Pour boiling water over ripe tomatoes and let remain about thirty seconds, then drain, remove the skin and the stem with the hard green part adhering to it, and cut into quarters. Put into a sauce pan with about one teaspoon vegetable oil to each cup of tomato, and salt to taste, bring to a good boil and serve.
If the tomatoes are fresh, then prepare them as for stewed tomatoes, and when they come to a good boil, drain off most of the juice to be used for soups or gravies. Dust the bottom of an oiled baking pan quite thickly with cracker or zwieback crumbs, then a layer of tomatoes about one-half inch deep or more, then sprinkle over a little vegetable oil or rich cream which has been reduced down about half. Of the oil, if used, take one tablespoon to each two cups tomato. Sprinkle a little salt over it, then repeat, covering the tomatoes with a thin layer of crumbs, then a good layer of tomato, season the same as before, sprinkle a few crumbs on top and press them down with a spoon to moisten them, set in the oven and bake to a nice brown.
When young and tender, summer squash needs only to be washed and quartered. Steam until tender, press between two colanders, or in cheese cloth until quite dry. Mash and season with salt and cream. When the squash is older it must be peeled and have the seeds removed before cooking.
Steam the squash until about half done, lay the pieces out on a board so they can be sprinkled with salt to season. Dip them first in flour, then in rich cream, lay them close together in an oiled baking pan and pour over them a little cream so they get well moistened, cover them by turning another pan over them and bake one-half hour, then remove the pan on top and bake to nice brown. They are very good when moistened with the liquor in which they have been boiled, using oil to season instead of cream.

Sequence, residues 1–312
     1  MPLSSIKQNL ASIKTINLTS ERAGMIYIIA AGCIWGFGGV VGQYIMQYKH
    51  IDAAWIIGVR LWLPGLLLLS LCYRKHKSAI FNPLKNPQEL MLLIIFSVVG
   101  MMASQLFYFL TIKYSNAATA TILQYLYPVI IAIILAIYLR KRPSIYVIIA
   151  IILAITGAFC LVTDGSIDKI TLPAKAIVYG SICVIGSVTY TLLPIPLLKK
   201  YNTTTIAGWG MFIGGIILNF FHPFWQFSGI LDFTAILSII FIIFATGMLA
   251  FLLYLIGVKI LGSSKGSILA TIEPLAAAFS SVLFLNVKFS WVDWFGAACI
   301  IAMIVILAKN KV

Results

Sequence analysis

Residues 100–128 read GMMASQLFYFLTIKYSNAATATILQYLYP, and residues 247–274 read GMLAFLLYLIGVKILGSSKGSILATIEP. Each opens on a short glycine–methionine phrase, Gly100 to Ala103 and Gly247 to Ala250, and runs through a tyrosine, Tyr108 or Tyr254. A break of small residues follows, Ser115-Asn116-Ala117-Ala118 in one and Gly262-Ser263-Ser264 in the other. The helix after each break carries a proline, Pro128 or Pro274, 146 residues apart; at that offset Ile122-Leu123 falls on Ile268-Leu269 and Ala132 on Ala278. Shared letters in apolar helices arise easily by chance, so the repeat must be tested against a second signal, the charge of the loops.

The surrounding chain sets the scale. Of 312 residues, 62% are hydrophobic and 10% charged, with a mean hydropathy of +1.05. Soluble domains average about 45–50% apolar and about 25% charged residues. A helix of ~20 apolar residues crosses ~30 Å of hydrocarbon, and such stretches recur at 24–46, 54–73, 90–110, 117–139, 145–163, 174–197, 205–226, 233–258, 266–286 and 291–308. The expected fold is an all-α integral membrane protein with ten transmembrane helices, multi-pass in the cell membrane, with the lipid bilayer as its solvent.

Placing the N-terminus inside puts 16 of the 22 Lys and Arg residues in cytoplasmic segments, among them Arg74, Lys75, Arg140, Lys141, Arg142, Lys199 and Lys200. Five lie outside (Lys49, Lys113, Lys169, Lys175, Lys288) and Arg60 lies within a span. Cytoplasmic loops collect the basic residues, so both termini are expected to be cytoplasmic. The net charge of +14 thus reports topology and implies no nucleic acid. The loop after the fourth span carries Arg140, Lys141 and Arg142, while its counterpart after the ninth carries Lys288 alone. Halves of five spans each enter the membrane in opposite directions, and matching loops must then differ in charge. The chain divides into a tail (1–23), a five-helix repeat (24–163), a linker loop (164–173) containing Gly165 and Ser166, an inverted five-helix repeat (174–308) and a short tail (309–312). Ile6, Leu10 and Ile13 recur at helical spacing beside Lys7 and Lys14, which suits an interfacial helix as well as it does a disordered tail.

Cut the egg plant into slices about three-fourths of an inch thick. Peel the slices and drop them into boiling salted water, and cook barely half done; it will take only a few minutes, then drain, and when cool dip each piece into cream, then into lightly colored zwieback crumbs. Lay the pieces close together in an oiled baking pan, and sprinkle enough cream over them to moisten the crumbs well. Bake in a medium oven until a nice brown and well done. It is better to cover them during the first twenty minutes of baking, then they will keep their moisture better. When cream is not obtainable, dip the vegetable in beaten egg diluted with a little milk or water, and oil the pieces over the top slightly.
Wash the salsify, then take them one at a time and scrape them, dropping them immediately into cold water to keep them from turning a dark color. When they are thus prepared, lay a few of them at a time on a board and slice with a french knife very thin. Drop them into boiling water enough to barely cover them. (The water should reduce down so there is just enough left to make the sauce for them). When done, thicken them slightly with a little flour braided smooth in cold water. Let them boil up, then add one-fourth cup rich cream to each pint of salsify.
Remove all the green leaves from the cauliflower and divide it into bouquets or pieces about the size of a large hen's egg. Wash well and drop into boiling salted water and cook until it is tender; care should be taken not to cook it too long, then it will break up. As soon as it is done, drain and lay the pieces in an oiled baking pan; pour over it enough cream sauce to barely cover it, then grate a few fresh bread crumbs over the top and press them down with a spoon so they become moistened with the cream sauce; sprinkle a little milk or cream over the top and bake until a light brown.
1 cup corn pulp, 2/3 cup rich milk, 1 egg, 1/3 cup light colored zwieback crumbs, 2/3 teaspoon salt, a little celery salt.
Warm the milk to about 120° F., pour it over the crumbs and let them soak. Have the corn ground through a fine mill. Mix all the ingredients, put into an oiled baking pan, put a teaspoon of milk or cream over the top to give it a nice color. Bake until set and a nice brown.